Naty King of Hazelmere Organic Farm will be one of 15 women participating in Joy of Feeding

Naty King of Hazelmere Organic Farm will be one of 15 women participating in Joy of Feeding

Celebrating joys of home cooking

Local residents attending Joy of Feeding this weekend at UBC to learn how to cook healthy meals from scratch may notice a familiar face.

Hazelmere Organic Farm owner Naty King is one of 15 Canadian moms – all from various cultural and professional backgrounds – who will share their favourite family recipes at the May 15 event.

King was invited to participate by organizer Meeru Dhalwala, co-owner of Vancouver restaurants Vij’s and Rangoli, which Hazelmere Organic Farm supplies with produce.

“We’ve been friends for a few years and (Dhalwala) and I share a lot of feelings about food, family, children,” King said. “It’s a very common feeling that we have about what’s going on, especially with children now, they don’t get proper nutrition. So we were saying, why is that?

“When you’re running around with the kids, going 10 different ways, the mom doesn’t get a chance to think about what’s really important for the family, which is to nourish the body with (healthy food).”

The women participating in Joy of Feeding are to share their cuisines, stories and backgrounds, which include Zimbabwean, Turkish, Iranian, and Japanese, to name a few.

The goal of the mom-focused event is to fundraise for UBC Farm – where it is to be held – while also celebrating home cooking with natural, local ingredients and the benefits it has on the entire family.

King, who grew up in the Philippines, knows firsthand the advantages of making healthy food choices.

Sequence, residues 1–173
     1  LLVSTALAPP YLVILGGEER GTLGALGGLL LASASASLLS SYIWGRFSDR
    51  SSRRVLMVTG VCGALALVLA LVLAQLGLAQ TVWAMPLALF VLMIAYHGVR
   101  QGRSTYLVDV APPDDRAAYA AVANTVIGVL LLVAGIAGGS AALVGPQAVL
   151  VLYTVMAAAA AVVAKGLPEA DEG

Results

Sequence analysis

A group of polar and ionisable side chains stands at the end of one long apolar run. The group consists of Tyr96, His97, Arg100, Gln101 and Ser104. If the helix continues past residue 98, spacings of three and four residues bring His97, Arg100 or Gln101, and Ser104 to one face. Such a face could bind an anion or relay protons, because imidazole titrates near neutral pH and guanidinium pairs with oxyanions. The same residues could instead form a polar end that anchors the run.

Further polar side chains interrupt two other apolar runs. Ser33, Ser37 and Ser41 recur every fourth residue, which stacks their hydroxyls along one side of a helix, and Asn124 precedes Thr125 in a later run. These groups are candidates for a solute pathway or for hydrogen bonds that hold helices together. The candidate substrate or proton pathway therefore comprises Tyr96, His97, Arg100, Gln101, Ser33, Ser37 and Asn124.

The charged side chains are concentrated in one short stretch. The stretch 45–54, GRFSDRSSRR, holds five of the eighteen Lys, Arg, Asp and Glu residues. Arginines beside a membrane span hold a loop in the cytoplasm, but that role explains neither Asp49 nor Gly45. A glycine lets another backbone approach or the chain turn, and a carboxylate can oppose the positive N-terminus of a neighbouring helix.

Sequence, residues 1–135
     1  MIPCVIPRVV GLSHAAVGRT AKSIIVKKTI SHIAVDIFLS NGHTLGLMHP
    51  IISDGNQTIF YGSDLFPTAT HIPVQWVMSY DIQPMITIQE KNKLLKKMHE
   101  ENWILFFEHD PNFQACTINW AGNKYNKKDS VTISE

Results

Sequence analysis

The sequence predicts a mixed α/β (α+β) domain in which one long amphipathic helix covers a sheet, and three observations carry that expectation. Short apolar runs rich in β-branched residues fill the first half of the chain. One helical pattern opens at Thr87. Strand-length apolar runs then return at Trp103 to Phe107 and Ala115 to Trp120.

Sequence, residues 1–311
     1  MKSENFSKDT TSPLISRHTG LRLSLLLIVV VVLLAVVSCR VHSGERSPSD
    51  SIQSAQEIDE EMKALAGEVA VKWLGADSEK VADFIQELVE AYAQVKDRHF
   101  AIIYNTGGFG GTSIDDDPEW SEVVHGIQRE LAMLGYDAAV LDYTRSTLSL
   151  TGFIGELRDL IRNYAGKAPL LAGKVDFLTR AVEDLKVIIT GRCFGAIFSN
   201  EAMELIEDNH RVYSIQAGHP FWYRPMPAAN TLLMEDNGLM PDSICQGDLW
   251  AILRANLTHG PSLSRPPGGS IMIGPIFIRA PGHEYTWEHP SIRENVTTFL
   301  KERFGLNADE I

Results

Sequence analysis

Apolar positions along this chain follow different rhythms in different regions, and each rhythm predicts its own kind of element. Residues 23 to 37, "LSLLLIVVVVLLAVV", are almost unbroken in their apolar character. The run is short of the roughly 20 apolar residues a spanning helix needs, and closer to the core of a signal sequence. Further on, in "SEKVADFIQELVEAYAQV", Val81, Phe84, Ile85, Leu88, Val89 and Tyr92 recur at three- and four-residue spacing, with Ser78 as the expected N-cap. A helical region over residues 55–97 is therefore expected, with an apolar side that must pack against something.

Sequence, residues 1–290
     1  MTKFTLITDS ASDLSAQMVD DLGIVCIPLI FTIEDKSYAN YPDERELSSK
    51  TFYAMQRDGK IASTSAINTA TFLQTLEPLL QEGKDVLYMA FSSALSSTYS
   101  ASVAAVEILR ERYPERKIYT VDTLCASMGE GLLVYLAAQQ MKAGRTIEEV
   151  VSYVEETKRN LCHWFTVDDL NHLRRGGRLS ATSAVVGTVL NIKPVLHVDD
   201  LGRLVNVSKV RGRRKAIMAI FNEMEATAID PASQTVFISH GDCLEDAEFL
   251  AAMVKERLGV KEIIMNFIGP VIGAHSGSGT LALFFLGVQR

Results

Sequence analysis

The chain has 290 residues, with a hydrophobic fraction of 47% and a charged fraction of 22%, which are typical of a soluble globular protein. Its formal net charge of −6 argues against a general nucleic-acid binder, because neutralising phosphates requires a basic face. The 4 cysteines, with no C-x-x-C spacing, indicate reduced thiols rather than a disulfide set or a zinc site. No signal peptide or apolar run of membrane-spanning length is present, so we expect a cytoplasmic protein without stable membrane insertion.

She gave up her career in corporate finance after her husband, Gary, was diagnosed with skin cancer 25 years ago and the couple decided to focus on what was important to them as a family.

They became organic farmers, providing their four daughters with fresh, organic produce – food they appreciated from a young age.

“My children have never seen the face of a Twinkie nor have they eaten a frozen dinner,” she said. “The kids know what is good. All we have to do is provide them that. Then we will have less problems with childhood obesity and diseases.”

King – who continued to run the 1895 184th Ave. farm after Gary died in 2009, and who now educates the public about the dangers of genetically modified foods – said taking the time to cook at home doesn’t have to feel like a burden.

“(I) never thought of it as a chore and a lot of women don’t think of it that way. We think of cooking as a loving act from a parent to a child,” she said, noting people attending the event will learn how easy home cooking can be. “(It’s) fifteen women from fifteen different backgrounds, showing how we cook meals for our families without a lot of difficulty.”

King will be sharing her family recipe for Filipino chicken adobo.

“You just put [the chicken] in a pot with water, put in the peppercorn, the bay leaves, and everything else, and let it simmer. It’s easy!”

King is inviting people to email a recipe their family enjoys to by noon May 14, for a chance to win two tickets to Joy of Feeding.

The event is scheduled for May 15 from 1 to 4 p.m. at UBC Farm, 6182 South Campus Rd.

Tickets are $50 and include a recipe book with each mom’s story and family recipe. One child under 12 is free per ticket; tickets for additional children ages six to 11 are $25 and available online only. Children under six are free.

Locally, tickets can be purchased in person at Choices Markets, 3248 King George Blvd. They are also available online.

For more information, visit

– with files from Jensen Edwards



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